We’ve made it halfway through the 2016 General Assembly Session! Thanks to your help, we’ve made our priorities clear to legislators. Below is an update on each of our key priorities:
Priority One: Support Water Quality and Land Conservation Funding
Background: Virginia has made significant investments in water quality and land conservation over the last two decades resulting in major pollution reductions and improvements to local water quality. In order to keep Virginia’s on track with meeting our restoration goals, continued investment is necessary.
Update: The budget debate is heating up on the hill. This week, legislators will vote on funding that could determine whether the Commonwealth continues to make progress towards cleaner rivers and streams — or falls short on its goals. We will be there making the case for the James River!
Priority Two: Support Proper Coal Ash Pond Closure (Senate Bill 537)
Background: The James River watershed is home to coal ash ponds capable of holding five billion gallons of coal ash. Each pond in the watershed is adjacent to the river or one of its tributaries. Coal ash, which is a waste product of the electricity generation process, contains arsenic, lead and mercury among other toxics. Simply capping coal ash ponds in place, as currently proposed, does not stop the potential of groundwater contamination or leaching in to surface waters. Every North Carolina pond that has been tested has been shown to be contaminating the surrounding groundwater. Despite this track record of contamination, Virginia’s code does not require lining, capping and long-term monitoring for these facilities. Passing this critical bill will provide that protection to Virginia’s waterways and will allow power generating companies to recover the costs.
Update: This bill spurred great conversation of the coal ash issue with Virginia legislators. Unfortunately, the coal ash pond closure bill died in the Senate Agriculture, Conservation and Natural Resources committee on a 7-7-1 vote. But do not fear — this conversation will not stop here. A dewatering permit to drain the ponds at Chesterfield Power Station is coming soon, as well as permits for the ultimate closure of the ponds. We still need your help in this fight!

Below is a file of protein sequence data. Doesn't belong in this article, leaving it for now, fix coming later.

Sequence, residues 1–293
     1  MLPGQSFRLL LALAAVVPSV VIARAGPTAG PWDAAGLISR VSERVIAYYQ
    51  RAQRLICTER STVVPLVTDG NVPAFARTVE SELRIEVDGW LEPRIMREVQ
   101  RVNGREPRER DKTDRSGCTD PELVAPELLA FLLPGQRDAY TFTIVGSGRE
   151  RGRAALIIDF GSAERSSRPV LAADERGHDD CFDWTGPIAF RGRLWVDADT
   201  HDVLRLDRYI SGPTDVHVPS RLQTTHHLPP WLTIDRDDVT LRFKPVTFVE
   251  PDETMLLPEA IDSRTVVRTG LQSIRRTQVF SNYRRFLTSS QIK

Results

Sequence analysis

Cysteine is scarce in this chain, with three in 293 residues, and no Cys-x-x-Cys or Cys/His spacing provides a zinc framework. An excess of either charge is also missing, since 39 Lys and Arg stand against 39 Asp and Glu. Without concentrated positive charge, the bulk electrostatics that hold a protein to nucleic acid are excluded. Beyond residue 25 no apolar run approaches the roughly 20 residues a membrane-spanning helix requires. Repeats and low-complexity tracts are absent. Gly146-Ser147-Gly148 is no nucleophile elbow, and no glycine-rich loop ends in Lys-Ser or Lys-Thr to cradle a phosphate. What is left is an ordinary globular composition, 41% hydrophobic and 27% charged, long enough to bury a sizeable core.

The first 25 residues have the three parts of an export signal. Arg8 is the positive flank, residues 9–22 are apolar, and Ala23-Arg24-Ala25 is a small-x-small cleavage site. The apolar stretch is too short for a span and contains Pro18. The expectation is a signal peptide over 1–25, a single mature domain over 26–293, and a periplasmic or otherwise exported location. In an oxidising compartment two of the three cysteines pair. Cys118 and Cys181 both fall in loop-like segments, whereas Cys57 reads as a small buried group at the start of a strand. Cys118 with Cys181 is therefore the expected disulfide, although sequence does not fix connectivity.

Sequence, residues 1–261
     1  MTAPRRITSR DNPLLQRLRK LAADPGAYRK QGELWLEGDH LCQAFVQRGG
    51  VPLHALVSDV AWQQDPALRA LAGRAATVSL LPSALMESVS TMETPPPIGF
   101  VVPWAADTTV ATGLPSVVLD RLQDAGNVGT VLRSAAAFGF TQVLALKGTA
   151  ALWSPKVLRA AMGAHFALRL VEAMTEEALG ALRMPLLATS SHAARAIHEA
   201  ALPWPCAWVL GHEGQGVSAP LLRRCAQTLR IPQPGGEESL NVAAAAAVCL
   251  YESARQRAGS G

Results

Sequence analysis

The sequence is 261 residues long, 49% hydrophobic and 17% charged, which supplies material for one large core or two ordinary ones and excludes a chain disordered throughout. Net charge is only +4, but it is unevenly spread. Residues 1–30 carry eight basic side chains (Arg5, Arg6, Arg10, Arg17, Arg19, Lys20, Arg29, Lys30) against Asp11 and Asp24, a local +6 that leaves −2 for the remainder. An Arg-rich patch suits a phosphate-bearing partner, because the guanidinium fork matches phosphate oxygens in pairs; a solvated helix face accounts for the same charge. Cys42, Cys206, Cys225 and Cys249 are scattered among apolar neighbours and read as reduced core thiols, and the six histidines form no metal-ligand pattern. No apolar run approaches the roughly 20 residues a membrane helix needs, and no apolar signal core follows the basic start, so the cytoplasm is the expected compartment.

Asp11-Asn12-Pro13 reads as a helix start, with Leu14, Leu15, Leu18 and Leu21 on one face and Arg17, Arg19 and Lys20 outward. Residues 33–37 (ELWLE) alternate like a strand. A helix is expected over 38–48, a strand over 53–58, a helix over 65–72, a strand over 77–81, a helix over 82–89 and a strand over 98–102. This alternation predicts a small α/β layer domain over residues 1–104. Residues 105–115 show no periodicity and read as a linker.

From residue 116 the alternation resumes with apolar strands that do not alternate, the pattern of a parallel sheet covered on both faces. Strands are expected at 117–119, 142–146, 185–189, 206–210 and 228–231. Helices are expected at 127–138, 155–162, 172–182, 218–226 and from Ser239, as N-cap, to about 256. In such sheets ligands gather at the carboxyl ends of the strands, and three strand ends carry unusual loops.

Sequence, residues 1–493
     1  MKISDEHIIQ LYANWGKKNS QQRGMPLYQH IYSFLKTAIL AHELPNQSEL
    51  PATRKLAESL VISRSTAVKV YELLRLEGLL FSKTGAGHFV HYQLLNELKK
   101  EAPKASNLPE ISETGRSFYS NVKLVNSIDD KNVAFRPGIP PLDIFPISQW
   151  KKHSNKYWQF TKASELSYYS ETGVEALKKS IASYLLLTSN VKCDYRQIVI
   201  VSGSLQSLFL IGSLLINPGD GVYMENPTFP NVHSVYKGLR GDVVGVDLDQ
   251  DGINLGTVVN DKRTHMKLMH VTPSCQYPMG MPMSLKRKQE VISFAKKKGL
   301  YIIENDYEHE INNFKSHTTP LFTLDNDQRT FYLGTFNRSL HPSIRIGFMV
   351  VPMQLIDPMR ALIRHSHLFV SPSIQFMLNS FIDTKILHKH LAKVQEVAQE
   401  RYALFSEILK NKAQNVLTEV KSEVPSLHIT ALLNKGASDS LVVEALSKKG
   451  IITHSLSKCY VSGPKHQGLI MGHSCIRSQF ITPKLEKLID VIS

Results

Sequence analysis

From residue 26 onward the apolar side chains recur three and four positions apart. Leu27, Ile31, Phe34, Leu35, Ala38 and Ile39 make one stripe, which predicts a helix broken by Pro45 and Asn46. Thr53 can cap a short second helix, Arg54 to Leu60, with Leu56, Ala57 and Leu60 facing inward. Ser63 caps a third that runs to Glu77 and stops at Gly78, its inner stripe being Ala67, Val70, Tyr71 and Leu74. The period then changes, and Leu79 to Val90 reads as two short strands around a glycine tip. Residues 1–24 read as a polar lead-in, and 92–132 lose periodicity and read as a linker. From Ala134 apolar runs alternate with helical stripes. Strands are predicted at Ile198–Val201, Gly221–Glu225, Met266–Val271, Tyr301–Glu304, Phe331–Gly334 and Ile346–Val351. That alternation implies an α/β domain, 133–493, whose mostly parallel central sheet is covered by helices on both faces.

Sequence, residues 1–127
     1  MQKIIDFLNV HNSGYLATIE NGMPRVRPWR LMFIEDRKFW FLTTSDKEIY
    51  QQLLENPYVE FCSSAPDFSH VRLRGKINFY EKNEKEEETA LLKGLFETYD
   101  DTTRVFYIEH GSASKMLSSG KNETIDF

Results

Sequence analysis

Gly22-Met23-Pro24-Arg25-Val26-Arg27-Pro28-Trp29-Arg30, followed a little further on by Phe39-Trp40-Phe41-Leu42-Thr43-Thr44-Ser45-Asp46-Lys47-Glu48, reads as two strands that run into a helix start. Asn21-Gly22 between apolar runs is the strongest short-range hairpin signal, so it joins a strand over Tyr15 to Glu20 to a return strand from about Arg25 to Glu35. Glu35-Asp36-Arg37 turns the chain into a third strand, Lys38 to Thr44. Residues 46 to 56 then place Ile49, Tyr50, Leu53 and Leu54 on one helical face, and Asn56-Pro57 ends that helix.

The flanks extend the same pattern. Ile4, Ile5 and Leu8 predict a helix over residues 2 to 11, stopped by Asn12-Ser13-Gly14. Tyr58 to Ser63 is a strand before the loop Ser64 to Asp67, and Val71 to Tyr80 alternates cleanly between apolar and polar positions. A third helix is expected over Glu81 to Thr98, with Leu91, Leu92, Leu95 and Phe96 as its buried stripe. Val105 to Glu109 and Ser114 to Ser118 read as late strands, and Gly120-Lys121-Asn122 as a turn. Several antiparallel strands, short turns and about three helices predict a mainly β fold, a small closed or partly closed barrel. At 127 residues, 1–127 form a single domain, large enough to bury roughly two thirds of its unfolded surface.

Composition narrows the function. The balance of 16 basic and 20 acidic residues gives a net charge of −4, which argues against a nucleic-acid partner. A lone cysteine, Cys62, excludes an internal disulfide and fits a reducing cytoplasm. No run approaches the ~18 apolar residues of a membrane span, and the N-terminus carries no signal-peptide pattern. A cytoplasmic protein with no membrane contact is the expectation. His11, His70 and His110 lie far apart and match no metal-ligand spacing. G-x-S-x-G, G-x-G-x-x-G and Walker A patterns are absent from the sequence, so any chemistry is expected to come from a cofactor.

Priority Three: Support Swifter Spill Notification (Senate Bill 581 & House Bill 977)
Background: Current law requires the spill of a dangerous substance be reported within 24 hours to the Department of Environmental Quality. We believe that this timeline leaves our waterways, citizens and economy at risk. Accelerating that timeline to 12 hours and enhancing public notification will better protect us all.
Update: After working with stakeholders to address opposition to this bill, we reached a compromise that removed the 12 hour timeline for notification (leaving it at the current 24 hours) but still increased spill notification from just newspapers to also include radio and television. The bill successfully made it out of the House of Delegates, but did not make it out of the Senate. We will work tirelessly to ensure that we can be successful when the House bill comes before the Senate again.
Priority Four: Support Proper Menhaden Management (Senate Bill 98 & House Bill 150)
Background: Menhaden have been called “the most important fish in the sea.” Menhaden are both filter feeders and a primary food source for striped bass, bluefish, sharks, ospreys, brown pelicans, and dolphin. Beyond its ecological importance, the menhaden fishery is very important economically to the Commonwealth, supporting hundreds of jobs. JRA urges legislators to transfer management of the menhaden fishery from the General Assembly to the experienced fishery professionals at the Virginia Marine Resources Commission (VMRC). VMRC currently manages all of the Commonwealth’s fisheries except menhaden.
Update: Both bills have been defeated, due to the delicate relationship between menhaden management and jobs. This is a conversation that will continue at the General Assembly level in the future.